My life as it is now lies years from the places it sprung up, and what deviations in weather that broke off branches in childhood have long been accounted for, just like the pressure of my teeth pressed too tightly together. I need to get my wisdom teeth taken out, but I don’t want braces—I’ve grown accustomed to the look of my mouth, the slight overhang of my canines, the metal flashing in the back of my molars from filled-in cavities. Which is of course a loose metaphor, flimsy really, for something more robust and difficult and ultimately simple—the ordinary today and the palimpsest underneath.
For several years, I’ve not spoken to my father, as I’ve been estranged from him and most of his side of the family, and have left his name behind, along with the stories I tell about him and what he meant to me then, and what he could no longer mean to me now. While this silence is necessary and my choice, enforced by both distance and the inattentiveness of his manner, it is still strange to hear nothing when the dependable turns of the world arrive and I remember again, I do not belong to him. The last letter he sent I burned in the kitchen sink until it was ash and there was nothing discernible left. Again, it feels there is no space to place the absence.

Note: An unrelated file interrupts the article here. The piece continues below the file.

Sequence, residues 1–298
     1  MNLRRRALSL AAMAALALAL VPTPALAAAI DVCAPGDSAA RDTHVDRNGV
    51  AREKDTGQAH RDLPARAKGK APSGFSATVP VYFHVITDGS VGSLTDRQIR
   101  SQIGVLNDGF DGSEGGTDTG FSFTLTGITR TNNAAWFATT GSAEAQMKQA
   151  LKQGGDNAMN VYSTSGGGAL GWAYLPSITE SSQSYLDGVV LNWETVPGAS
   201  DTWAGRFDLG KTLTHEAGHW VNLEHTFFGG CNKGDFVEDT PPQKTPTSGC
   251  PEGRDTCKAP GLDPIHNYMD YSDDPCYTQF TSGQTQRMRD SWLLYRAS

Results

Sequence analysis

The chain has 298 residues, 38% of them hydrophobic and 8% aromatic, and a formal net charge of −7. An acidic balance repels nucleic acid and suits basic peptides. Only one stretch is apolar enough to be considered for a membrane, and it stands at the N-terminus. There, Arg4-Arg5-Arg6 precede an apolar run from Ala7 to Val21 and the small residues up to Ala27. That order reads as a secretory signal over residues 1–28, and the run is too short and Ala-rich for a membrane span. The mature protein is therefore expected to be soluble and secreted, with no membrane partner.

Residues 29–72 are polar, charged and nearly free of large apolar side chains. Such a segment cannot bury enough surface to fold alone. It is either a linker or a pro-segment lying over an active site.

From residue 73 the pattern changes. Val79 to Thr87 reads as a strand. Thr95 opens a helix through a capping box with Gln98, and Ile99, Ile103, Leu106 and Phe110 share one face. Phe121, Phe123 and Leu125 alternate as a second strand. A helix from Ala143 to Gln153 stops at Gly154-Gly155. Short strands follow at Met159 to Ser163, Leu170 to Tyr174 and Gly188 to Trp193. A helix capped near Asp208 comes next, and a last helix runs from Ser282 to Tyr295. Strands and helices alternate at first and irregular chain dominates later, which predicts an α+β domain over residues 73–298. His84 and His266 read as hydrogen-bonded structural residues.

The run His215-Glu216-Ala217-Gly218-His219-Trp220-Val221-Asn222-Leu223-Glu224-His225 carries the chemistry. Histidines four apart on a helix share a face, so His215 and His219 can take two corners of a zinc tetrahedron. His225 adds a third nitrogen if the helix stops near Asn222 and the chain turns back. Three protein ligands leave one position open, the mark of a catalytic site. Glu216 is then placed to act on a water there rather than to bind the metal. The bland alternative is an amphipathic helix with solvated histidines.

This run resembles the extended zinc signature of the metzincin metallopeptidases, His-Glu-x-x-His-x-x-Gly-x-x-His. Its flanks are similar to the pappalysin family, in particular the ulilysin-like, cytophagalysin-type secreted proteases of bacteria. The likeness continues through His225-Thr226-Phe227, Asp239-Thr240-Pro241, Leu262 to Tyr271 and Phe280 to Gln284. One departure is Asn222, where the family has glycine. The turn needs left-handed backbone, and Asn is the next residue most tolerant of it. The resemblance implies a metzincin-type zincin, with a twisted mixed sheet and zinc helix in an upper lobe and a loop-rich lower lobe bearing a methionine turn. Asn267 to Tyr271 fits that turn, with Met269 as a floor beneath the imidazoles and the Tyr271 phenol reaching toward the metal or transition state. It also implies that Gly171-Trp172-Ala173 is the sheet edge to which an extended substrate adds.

Most days I do not think about him, or if I do, it is distractedly, like glancing at a film someone is watching on the seat in front of you on an airplane and trying to remember the name. It has been nearly a decade since I lived with my family in one home and seemingly even longer before that that we were happy together. We are happy now, many and I dare say most of us, though the global we is like watching globules of rain against a car window and naming them yours. We live in different states, we speak at different frequencies, we laugh easier. We are in debt to each other for how we clung together and in debt for how learned what to hold onto. Most acts of love feel like improbable impositions of eternity and our own belief in remaining within its brightness. Any catch of light is like that of spotting your reflection against a sudden moving train, the face across yours blurred in exchange.
I feel most alive when I remember I will die and when I remember I will die I want to kiss life hard on the mouth, quickly, carefully. I want to bear my nakedness to the moon and share the places my palms have pressed with those I love, instead of making stone bleed. I want to forgive everyone and be forgiven. I want to learn to love the way the wind fills an emptiness and makes it sing, or almost, or can if we accept the absences it ensconces in motion.